The role of Vitamin D in the management of COVID-19

COVID-19 has brought the global community to its knees. Various medical protocols have emerged to bring the scourge of the virus to an end. Can Vitamin D help?

The healthcare systems of many countries cannot efficiently handle the palliative that COVID-19 patients require, combined with the extensive testing of the population for the virus in a short time.

There is an urgent need to both curb its spread and find a lasting treatment to the endemic. To this effect, researchers have been conducting studies to evaluate the clinical outcome of managing COVID-19 patients with Vitamin D. Results from these studies have demonstrated a potential need to administer Vitamin D to patients with the virus.

According to Trovas and Tournis in a journal article “Vitamin D and COVID 19”, they highlighted information from epidemiological studies supporting the assumption that Vitamin D is crucial to the management of patients with COVID-19. Spain and Italy have one of the highest mortality rates stemming from COVID-19, as well as a considerable proportion of their population with Vitamin D deficiency.

Conversely, most Nordic Countries have the lowest rate of COVID-19 related fatalities so far. There is reason to believe that their Vitamin D fortified food has contributed to the minimized impact of the virus in the region.

Reports from the UK Office for National Statistics indicate that dark-skinned people in England and Wales are four times more likely to die from complications of COVID-19 compared to Caucasians and Asians. Similarly, people of African origin are much more likely to suffer from a Vitamin D deficiency. The report, therefore, suggests that there is a possible correlation between mortality and severity amongst Vitamin D deficient COVID-19 patients.


Nordic countries handling Covid-19 better possibly due to Vitamin D

In a feature report published in The Lancet Diabetes and Endocrinology journal, researchers conducted findings into the role of Vitamin D in managing patients with acute respiratory conditions in the 1930s. The researchers at the time were investigating cod liver oil as a solution to employees’ absenteeism as a result of the common cold.

The report also indicates that hospital-based trials on patients have suffered drawbacks as it has proven difficult for clinical researchers to evaluate the extent of Vitamin D supplementation in various stages of a patient’s health.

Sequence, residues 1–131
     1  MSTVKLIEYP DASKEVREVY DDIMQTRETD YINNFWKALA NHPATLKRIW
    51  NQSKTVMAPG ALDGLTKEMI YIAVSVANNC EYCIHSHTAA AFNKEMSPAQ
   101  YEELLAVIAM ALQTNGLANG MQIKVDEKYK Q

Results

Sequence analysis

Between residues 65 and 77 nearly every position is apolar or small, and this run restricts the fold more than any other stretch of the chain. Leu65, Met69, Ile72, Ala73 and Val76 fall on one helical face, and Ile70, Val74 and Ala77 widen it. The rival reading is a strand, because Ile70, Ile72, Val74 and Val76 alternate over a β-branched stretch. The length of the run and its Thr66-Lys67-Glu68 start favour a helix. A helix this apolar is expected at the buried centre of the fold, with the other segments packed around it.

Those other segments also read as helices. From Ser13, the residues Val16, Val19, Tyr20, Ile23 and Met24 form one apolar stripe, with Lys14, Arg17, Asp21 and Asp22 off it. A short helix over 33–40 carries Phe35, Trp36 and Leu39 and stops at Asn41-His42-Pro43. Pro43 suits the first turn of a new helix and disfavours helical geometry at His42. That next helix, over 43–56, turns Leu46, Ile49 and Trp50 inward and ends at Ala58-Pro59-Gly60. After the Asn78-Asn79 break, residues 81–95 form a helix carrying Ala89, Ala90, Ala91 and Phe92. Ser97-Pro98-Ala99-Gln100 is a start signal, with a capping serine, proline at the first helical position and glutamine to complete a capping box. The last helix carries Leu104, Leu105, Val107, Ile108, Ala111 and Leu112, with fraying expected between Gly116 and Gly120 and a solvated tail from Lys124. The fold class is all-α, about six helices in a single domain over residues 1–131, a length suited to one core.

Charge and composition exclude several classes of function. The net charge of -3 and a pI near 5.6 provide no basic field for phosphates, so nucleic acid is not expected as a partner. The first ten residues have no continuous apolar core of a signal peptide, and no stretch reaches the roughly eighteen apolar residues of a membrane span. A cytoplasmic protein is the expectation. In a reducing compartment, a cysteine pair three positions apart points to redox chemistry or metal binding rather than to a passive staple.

Two reasons have been identified as the source of these shortcomings. One of which is patients showing up at the hospital at the hyper inflammatory phase of the disease. At this point, it is more difficult for a COVID-19 patient to benefit from the antiviral effect induced by Vitamin D supplementation.

Another rationale is that it would be hard to note the effect of a micro-nutrient such as Vitamin D over dexamethasone, which has anti-inflammatory properties and is widely used in the treatment of several diseases.

The authors of this report also suggested that a population-based trial is the best hope for yielding any real clinical benefit. These clinical trials would study the reduction of COVID-19 severity following the administration of prophylactic Vitamin D supplementation to the extent that it is either asymptomatic or does not require hospitalization.

The risk factors associated with COVID-19 and Vitamin D deficiency are too similar to ignore. These factors, including obesity, ethnicity, and old age, have led to the postulation that administering Vitamin D supplements may indeed have a preventive or therapeutic effect on these patients.

The overlap between COVID-19 and Vitamin D deficiency might seem to demonstrate that the viral disease could be greatly supported with Vitamin D. However, studies conducted so far haven’t been able to prove this assumption beyond doubt. The global science community needs more time to study the potential and surely. Humanity, needs more time. Surely, this pandemic will help place more important research on Vitamin D.

Adhering to strict social distancing measures and personal hygiene currently remain the most effective way of preventing the virus. While clinical studies have not yet demonstrated the real efficacy of Vitamin D in the treatment of COVID-19, there seems to be enough correlation to suggest that it may well reduce the severity of the virus in affected patients.